City Hall is considering handing over stalled Dandora Stadium to the national government for its completion.
This follows delays by the stadium's contractor to return on site to complete the construction of the Sh350 million facility.
Nairobi County Education and Sports Executive Janet Ouko said they are mulling engaging the State Department for Public Works, in a government-to-government agreement, to take over the remaining bit of work at the stadium.
This as efforts to have the contractor, M/S Scanjet Construction Limited, back on site to finalise the remaining construction works has proven futile.
In February, President Uhuru Kenyatta directed City Hall to ensure the stadium is completed to benefit 32 teams that depend on the ground.
She explained that the county government had already written to concerned stakeholders end of February seeking an advisory on how to break the impasse so that the stadium can be completed.
"We had a meeting with all concerned stakeholders and came up with that option. The advisory was based on if we could explore working with the Public Works department to take over the remaining bits of the work," said Ouko.
Ouko said that the contractor's contract time has elapsed as it was to run for 18 months and it has been over two years since the contract was awarded.
"At the end of the day, the community needs the field. A total of 32 teams have no field to play because of the stalling of the project. Because of Covid-19, they have been locked out of schools they used to use their fields as their playgrounds," she said.
Last month, the county government signaled all was not well by saying they were looking for new contractors to build the three other stadia in the capital following the Dandora Stadium construction fiasco.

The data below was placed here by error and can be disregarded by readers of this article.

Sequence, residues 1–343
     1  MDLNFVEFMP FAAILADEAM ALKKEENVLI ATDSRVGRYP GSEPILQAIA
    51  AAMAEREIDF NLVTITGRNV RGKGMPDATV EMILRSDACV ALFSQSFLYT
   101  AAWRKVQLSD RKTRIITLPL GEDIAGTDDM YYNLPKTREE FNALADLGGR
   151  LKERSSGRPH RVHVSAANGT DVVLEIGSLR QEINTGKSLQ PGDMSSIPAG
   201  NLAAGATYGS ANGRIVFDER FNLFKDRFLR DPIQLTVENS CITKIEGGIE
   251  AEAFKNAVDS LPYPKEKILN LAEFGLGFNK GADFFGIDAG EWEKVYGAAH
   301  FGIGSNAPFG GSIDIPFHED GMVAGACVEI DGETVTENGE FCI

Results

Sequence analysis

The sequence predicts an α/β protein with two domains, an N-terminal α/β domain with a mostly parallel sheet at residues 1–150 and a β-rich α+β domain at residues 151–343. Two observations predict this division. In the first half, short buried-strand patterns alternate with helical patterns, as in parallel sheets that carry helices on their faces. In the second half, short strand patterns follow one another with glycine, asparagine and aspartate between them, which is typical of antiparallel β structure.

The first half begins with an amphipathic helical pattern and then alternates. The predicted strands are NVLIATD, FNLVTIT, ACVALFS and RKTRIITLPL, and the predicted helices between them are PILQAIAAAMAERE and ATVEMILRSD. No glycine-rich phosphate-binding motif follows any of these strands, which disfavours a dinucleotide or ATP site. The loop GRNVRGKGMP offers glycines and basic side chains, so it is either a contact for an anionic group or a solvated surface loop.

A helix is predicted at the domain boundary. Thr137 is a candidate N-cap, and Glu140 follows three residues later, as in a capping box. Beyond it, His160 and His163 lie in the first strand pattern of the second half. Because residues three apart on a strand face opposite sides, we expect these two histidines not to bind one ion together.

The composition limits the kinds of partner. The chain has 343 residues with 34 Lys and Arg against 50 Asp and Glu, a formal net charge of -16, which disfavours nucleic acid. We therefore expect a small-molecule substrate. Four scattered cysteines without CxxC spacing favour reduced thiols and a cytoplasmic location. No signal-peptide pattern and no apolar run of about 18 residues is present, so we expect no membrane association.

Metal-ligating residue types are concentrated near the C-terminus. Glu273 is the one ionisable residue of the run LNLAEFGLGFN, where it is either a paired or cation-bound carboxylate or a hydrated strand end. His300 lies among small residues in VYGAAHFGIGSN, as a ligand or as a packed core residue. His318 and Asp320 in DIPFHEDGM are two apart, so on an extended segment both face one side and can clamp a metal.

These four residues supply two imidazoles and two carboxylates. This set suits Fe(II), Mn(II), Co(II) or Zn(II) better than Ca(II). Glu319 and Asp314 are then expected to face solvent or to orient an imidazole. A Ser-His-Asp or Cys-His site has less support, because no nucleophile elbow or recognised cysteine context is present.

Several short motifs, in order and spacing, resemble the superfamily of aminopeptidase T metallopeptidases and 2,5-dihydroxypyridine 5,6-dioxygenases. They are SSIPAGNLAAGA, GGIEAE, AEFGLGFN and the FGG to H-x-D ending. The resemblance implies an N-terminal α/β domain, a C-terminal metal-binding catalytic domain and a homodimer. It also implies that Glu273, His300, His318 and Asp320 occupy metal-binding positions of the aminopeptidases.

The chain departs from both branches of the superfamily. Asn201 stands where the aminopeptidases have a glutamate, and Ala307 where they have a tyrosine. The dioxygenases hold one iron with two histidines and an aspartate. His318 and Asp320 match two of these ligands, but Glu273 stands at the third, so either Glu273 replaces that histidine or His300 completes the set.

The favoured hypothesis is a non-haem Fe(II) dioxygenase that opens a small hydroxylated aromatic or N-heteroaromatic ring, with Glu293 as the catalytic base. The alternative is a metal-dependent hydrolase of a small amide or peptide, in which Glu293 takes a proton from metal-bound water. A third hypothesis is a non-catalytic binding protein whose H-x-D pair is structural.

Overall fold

M/S Scanjet was awarded the construction of the Dandora Stadium as part of four stadia in Nairobi at a cost of Sh1.3 billion in the 2017/2018 financial year.
The other three stadia included Kawangware Stadium to be built at a cost of Sh250 million, Kihumbuini at Sh250 million and Ziwani at Sh186.6 million.
However, trouble began when the contractor changed contract specifications for the Sh350 million Dandora Stadium from concrete to steel structure.
This followed an investigation by the Public Procurement Regulatory Authority (PPRA) which flagged irregularities in the awarding of the tender, alteration of contract specifications, suspected irregular payments and forgery of documents while also questioning the standard of the work.
Consequently, construction work at the stadium was stopped after the Ethics and Anti-Corruption Commission (EACC) opened investigations into the tendering process and irregular payment of Sh196 million for the project.
The contractor would then leave the site in September, 2019 with the works 80 percent complete, delaying the final touches that were remaining with the stadium set to be launched last year July.
Already, more than 3,000 seats had been installed in the terraces with changing rooms and floodlights fitted.